If one analyzes the maximum amplitudes of the relative angle with the measured angle of rotation of the driven gear in relation to the driving gear, it can be determined that the driven gear moves well beyond the measured circumferential backlash of jt = 0.005 rad in Fig. 7a and b. There is consequently a lengthening of the line of action, which occurs due to elastic deformation of the teeth due to the high tooth forces occurring during the impact processes. The line of action is curved in this case at the first point of contact (point (A) in Fig. 1) along the tip radius of the meshing gear. At the same time, the coefficient of friction increases at the entry impact, as the tooth tip of the wheel hits the tooth root of the pinion with a large pressure angle. The oil film is scraped away from the tooth tip and the lubrication conditions are shifted more towards boundary/mixed friction.
If one compares the behavior of the relative angle of PAO/HC/SN Fig. 7a) with the oil type PAG2 in Fig. 7b) one finds in particular the absence of the entry impacts on both the working face and reverse flanks in the relative angle. Likewise, the use of the PAG2 oil type results in a slightly higher maximum relative angular amplitude, i.e. the elastic deformation of the tooth pairs has increased with PAG2. The non-existent entry impacts lead to a lower housing acceleration with PAG2, see Fig. 7d. This behavior can be explained by the lower coefficient of friction of PAG2, which is clearly below the coefficient of friction of PAO/HC/SN in the area of boundary and mixed friction, see Fig. 4.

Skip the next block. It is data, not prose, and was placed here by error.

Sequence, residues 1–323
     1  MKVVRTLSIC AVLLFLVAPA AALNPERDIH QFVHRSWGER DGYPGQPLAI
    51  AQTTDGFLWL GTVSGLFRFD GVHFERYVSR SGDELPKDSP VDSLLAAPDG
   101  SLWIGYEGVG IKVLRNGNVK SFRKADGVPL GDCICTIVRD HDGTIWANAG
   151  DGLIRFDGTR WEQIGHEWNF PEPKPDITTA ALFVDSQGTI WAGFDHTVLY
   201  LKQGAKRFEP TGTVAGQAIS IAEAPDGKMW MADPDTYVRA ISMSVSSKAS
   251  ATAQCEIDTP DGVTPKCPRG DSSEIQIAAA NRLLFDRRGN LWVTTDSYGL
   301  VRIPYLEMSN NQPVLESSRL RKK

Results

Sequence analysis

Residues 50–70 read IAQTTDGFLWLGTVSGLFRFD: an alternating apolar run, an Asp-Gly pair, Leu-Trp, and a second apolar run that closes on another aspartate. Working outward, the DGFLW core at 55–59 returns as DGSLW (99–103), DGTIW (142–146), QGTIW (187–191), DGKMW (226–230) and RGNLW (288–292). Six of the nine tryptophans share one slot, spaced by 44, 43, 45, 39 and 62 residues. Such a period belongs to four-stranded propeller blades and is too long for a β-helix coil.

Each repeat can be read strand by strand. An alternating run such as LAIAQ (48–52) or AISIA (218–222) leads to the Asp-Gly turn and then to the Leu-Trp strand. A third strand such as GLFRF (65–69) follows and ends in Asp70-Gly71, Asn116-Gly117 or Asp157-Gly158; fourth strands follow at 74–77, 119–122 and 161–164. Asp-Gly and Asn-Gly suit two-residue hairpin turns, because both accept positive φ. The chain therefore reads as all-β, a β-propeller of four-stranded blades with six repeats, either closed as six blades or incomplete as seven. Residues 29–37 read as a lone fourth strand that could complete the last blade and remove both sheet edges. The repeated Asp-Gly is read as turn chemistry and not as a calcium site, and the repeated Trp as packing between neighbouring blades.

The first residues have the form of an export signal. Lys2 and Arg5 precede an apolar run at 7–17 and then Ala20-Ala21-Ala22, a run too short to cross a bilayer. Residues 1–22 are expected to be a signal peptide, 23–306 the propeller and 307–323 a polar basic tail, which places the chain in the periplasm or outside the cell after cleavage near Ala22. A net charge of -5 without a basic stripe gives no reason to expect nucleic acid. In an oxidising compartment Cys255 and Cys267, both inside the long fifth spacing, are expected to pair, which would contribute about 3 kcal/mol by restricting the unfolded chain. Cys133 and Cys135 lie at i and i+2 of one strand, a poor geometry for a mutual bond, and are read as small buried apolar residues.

Fig. 8 shows the relative angle with an increase in the angular acceleration amplitude to 1500 rad/s2 with the two different gear oils. Due to the higher angular acceleration amplitude, the periodic vibration behavior between the reverse and working face flanks has remained the same for both types of gear oil, whereby the amplitude of the relative angle has increased, i.e. the tooth forces and thus the elastic deformation have become larger due to the higher angular acceleration amplitude.
With the PAO/HC/SN oil type, the occurrence of entry impacts is reduced compared to 500 rad/s2 in Fig. 7c. On the other hand, the presence of entry impacts on both the reverse flanks and on the working face flanks is greatly increased with the oil type PAG2 compared to 500 rad/s2. This leads to higher housing accelerations in comparison with the oil type PAO/HC/SN at this angular acceleration amplitude. This behavior of PAG2 cannot be explained with the friction coefficient measurements of the MTM. The contact stresses at this angular acceleration amplitude are approximately 2000 N/mm2 and above, so that they cannot be compared with the measurement conditions in Sect. 5. It can be deduced that the coefficient of friction of the tribological system also depends on the load in contact . The behavior is non-linear and can also be reversed, so that the coefficient of friction could increase again. Further investigations need to clarify this phenomenon above 1000 rad/s2.